Some of the meatier moments on the first day of the city of Pensacola’s budget workshop came during discussions regarding the budgets of the Pensacola International Airport and the Pensacola Fire Department. City council heard from the airport director, who recommended cutting three captain positions within the fire department, as well as firefighters, who painted such an action as a public safety risk.
During the airport budget presentation, Director Gregory Donovan told council that he planned to cut costs at the airport by reducing contractual services with the fire department. He said his recommendation to Mayor Ashton Hayward is to eliminate three captain positions at Station 7, located near the airport; two of these positions are currently unfilled, while the third is retiring out soon.
“So, no one would lose their job,” Donovan said.
As Donovan explained to council that the airport, which contracts for service with the fire department, could make do without the captains—that the issue had been discussed previously, but turned “political” and “emotional”—about a dozen city firefighters listened in the public gallery. They would later tell council members that they “vehemently” disagreed with such a direction.
“It has nothing to do with their bravery, or professionalism, or their ability to perform the task,” Donovan explained, “but we have had more than is necessary, we have been proactive for a long time.”
The airport director said it was “important that this not be mischaracterized, particularly at a point of negotiations, that this is unsafe.” During the fire department’s budget presentation, council would hear that cutting the positions would be a “burden” and present safety and chain of command issues.
Donovan said the reductions were necessary, but he encountered some amount of pushback from council members. Councilman Andy Terhaar suggested a compromise be sought, while Councilman Charles Bare said that “public safety is the number one thing we do in this city, and if we don’t even have that, we don’t need to have a city.”
“Doing nothing is not an option for us from a fiscal standpoint,” Donovan told council.
“Yeah,” replied Councilman Gerald Wingate, “but from a public safety standpoint it may be better to have this.”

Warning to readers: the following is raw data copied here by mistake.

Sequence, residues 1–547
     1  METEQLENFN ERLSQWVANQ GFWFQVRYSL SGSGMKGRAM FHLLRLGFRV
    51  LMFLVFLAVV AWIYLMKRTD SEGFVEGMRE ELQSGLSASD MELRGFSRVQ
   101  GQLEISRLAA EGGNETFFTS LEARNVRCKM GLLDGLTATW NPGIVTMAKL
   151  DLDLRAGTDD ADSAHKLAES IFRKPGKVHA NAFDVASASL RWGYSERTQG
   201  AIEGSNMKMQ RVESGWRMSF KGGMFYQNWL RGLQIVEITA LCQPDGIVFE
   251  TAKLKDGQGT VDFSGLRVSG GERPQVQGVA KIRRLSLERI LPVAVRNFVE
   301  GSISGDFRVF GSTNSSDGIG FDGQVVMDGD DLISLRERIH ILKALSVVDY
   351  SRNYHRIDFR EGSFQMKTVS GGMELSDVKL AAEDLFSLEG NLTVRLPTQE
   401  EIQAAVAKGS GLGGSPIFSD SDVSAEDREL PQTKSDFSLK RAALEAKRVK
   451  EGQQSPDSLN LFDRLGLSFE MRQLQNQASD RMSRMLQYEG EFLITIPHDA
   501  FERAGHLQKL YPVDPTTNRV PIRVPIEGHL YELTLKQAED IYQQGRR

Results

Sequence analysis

Also during yesterday’s budget workshop, council heard from Pensacola Energy Director Don Suarez. The city’s natural gas company provides city coffers with $8 million annually—City CFO Dick Barker had earlier noted that “this city would look quite a bit different without that $8 million, or property taxes would be higher.”
Suarez noted that warmer winters in recent years had taken a toll on the company’s bottom line, but also projected brighter days on the horizon. He referenced the “shale gas revolution” and said he expected compressed natural gas (CNG) for vehicles to become an increasing part of the company’s revenue stream.
The director also said that Pensacola Energy was eyeing expansion opportunities. He pointed towards growth at the University of West Florida, “some significant projects popping up on Perdido Key” and also developments in the north of Escambia County, in the Beulah area.
“The county, I believe, would like to create an industrial park in that area and we certainly want to serve that,” Suarez said.
Some council members expressed concern about the amount of money the city received from Pensacola Energy. While the company is due to transfer 15 percent of revenues to the city, the transfers have been larger in recent years in order to meet the $8 million threshold; Councilman Bare noted that this year’s true 15 percent transfer would amount to $6.25 million.
Council President P.C. Wu conceded the concerns— “it’s the golden goose, and you’re afraid of killing the golden goose”—but said the city needed the funds nonetheless.
The council continues its budget workshop today at 9 a.m. at Pensacola City Hall. Proceedings will be conducted somewhat differently, as President Wu decided yesterday to divvy up today’s agenda among the council members; each member will be sitting in the president’s seat and overseeing a particular city budget presentation.
Councilman Brian Spencer will be handling the Planning/CRA budget; Councilman Wingate has been assigned Public Works and Facilities, Transportation, Stormwater; Councilman Terhaar will oversee the budget presentation from Neighborhood Services, Roger Scott Tennis Center, Golf Course, Youth and Athletic Programs; Councilman Larry B. Johnson is handling Housing; Councilman Bare has Technology Resources; Councilwoman Megan Pratt was assigned Penny for Progress; and Councilwoman Sherri Myers will oversee open forum.